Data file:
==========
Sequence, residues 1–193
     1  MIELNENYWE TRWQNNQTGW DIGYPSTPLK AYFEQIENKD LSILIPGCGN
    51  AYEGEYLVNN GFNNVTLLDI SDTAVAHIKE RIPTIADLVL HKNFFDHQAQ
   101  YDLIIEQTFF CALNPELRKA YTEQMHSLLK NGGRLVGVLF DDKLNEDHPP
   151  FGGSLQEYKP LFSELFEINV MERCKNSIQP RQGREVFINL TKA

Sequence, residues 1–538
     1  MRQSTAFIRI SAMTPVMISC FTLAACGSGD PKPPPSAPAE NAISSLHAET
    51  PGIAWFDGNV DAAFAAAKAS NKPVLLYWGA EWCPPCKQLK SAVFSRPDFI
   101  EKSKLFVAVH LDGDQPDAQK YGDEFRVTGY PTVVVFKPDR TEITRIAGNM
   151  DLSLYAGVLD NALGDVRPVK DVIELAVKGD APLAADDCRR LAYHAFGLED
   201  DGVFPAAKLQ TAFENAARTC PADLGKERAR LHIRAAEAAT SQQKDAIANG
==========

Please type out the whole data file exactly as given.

Sequence, residues 1–193
     1  MIELNENYWE TRWQNNQTGW DIGYPSTPLK AYFEQIENKD LSILIPGCGN
    51  AYEGEYLVNN GFNNVTLLDI SDTAVAHIKE RIPTIADLVL HKNFFDHQAQ
   101  YDLIIEQTFF CALNPELRKA YTEQMHSLLK NGGRLVGVLF DDKLNEDHPP
   151  FGGSLQEYKP LFSELFEINV MERCKNSIQP RQGREVFINL TKA

Sequence, residues 1–538
     1  MRQSTAFIRI SAMTPVMISC FTLAACGSGD PKPPPSAPAE NAISSLHAET
    51  PGIAWFDGNV DAAFAAAKAS NKPVLLYWGA EWCPPCKQLK SAVFSRPDFI
   101  EKSKLFVAVH LDGDQPDAQK YGDEFRVTGY PTVVVFKPDR TEITRIAGNM
   151  DLSLYAGVLD NALGDVRPVK DVIELAVKGD APLAADDCRR LAYHAFGLED
   201  DGVFPAAKLQ TAFENAARTC PADLGKERAR LHIRAAEAAT SQQKDAIANG